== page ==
90-Year-Old Veteran Runs Turkey Trot Solo Amid COVID Restrictions

November 24, 2020 Updated: November 26, 2020

DANA POINT, Calif.—Orange County’s annual Turkey Trot is keeping pace with tradition, albeit with a twist.

This year’s run—which normally sees participants flock through the streets of Dana Point, California—is taking a virtual approach. The event was modified to implement COVID-19-related pandemic safety measures for race participants.

About 1,500 people registered for the sold-out virtual run, and can race within their own communities rather than the usual designated route. Participants of the run—with the options of three-mile, 6.2 mile, and 9.3-mile distances—could clock their miles in the days leading up to, and including, Thanksgiving on Nov 26.

No racer has kept the Turkey Trot tradition alive better than 89-year-old Robert “Bob” Kohler, who has participated in every Turkey Trot since 2007. He turns 90 on Nov. 26, and he said of the race, “I’m thankful that the good Lord has allowed me to do it … [just ahead of] my 90th birthday.”

Kohler, a Korean War veteran, carries two large American flags in each arm before running his races to honor the nation’s veterans.

He recently had two minor surgeries, “so I am going to go easy on the [three-mile race] this year,” he told The Epoch Times while holding his flags.

Epoch Times Photo
Robert Kohler is a Korean War veteran who includes the American flags in his yearly routine of running the Turkey Trot in Dana Point, Calif., on Nov. 21, 2020. (John Fredricks/The Epoch Times)
Epoch Times Photo
Robert Kohler runs the virtual 2020 Turkey Trot holding two large American flags in Dana Point, Calif., on Nov. 21, 2020. (John Fredricks/The Epoch Times)

Kohler picked up distance running in the mid-1980s, and has completed more than 50 marathons with a personal record of 3 hours, 19 minutes. He said he has run enough miles in his lifetime to more than circle the circumference of the world.

As Kohler walked to a busy intersection Nov. 21 after picking up his race packet to begin his condensed version of the run, cars honked and cheered as he held his flags while running solo.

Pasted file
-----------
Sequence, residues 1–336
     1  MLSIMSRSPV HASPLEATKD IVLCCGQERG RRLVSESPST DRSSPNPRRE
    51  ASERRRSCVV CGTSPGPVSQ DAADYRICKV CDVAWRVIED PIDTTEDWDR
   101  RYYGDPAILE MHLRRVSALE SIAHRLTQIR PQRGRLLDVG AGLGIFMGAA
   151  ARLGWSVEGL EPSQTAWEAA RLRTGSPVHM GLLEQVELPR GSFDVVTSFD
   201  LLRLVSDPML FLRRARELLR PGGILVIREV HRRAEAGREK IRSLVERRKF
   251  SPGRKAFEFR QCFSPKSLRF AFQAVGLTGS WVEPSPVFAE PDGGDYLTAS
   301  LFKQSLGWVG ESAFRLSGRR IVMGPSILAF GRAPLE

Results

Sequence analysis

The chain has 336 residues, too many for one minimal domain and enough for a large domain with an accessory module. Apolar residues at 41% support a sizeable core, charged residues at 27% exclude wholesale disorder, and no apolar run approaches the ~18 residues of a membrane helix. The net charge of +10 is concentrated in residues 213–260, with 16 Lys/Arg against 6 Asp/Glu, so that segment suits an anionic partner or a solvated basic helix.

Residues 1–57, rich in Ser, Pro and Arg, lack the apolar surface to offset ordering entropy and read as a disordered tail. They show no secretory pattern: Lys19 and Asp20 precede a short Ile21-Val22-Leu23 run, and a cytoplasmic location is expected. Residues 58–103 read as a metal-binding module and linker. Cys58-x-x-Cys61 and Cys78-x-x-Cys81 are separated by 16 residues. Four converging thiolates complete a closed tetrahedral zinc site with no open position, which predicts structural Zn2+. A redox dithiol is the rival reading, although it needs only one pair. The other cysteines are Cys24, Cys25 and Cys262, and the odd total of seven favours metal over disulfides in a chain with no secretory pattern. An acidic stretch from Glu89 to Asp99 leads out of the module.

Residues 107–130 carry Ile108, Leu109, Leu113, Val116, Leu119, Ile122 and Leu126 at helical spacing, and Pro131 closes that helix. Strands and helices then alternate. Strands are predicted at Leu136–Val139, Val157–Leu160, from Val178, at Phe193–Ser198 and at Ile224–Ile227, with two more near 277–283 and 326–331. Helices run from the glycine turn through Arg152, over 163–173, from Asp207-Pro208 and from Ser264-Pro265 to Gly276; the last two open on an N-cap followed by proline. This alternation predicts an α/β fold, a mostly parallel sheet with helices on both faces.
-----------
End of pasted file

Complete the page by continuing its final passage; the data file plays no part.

He ran in the bike lane of Dana Point Harbor Drive, and circled back to his car to rehydrate with a bottle of Gatorade.

After he finished his run, he said, “The mini [race] I did reminded me of the ones that I ran during the previous Turkey Trots. I crossed the finish line holding the colors up, so people know the race is over, and that I’ve finished another race.”

This year marks the 43rd year of Orange County’s Turkey Trot, an annual race produced by The Dana Point Chamber of Commerce to celebrate the Thanksgiving holiday with family-centered runs.

The Dana Point Chamber of Commerce partners with nearly two dozen various Orange County non-profit organizations and charities during the event.

The tradition of the Turkey Trot was founded by four local entrepreneurs who, with no Thanksgiving plans, decided to run through Dana Point’s Lantern District and finish their exercise by running up the steep incline of Cove Road hill. The men were members of the Dana Point Chamber of Commerce and decided that a Thanksgiving Day race would be a great community event. A solid plan came about the following year, featuring mapped-out running routes, T-shirts, and registration fees.

This year, racers had the option of being sent their race packets, containing a bib, medal, and T-shirt, or picking them up at a drive-thru in the Dana Point Harbor parking lot.

Epoch Times Photo
A sign directs participants in the annual Turkey Trot to pick up their runner packets at a drive-thru location in Dana Point, Calif., on Nov. 21, 2020. (John Fredricks/The Epoch Times)
Epoch Times Photo
Volunteers hand out starter packets at a drive-thru for runners in the annual Turkey Trot in the Dana Point Harbor parking lot in Dana Point, Calif., on Nov. 21, 2020. (John Fredricks/The Epoch Times)

Although this year’s race is virtual, participants are free to run in the Dana Point Harbor or on city sidewalks, said Dana Point Chamber of Commerce marketing and events manager Katie McGann.

“We just can’t shut down streets and gather 10,000 participants at the start/finish line.”

The Dana Point Chamber of Commerce has already been planning for next year’s race, said its executive director, Vickie McMurchie.

“In looking forward to 2021, we are incredibly hopeful that the race will be in-person but anticipate that certain modifications will still be in place,” McMurchie told The Epoch Times. “We’re already looking at ways to expand the race to additional heats, including possibly hosting a nighttime race on Thanksgiving eve, and limiting the maximum participants per heat.

“The Dana Point Turkey Trot has been a beloved tradition in this community for 43 years—it’s just going to look a little different this year, but we’re hoping that it will still be just as memorable.”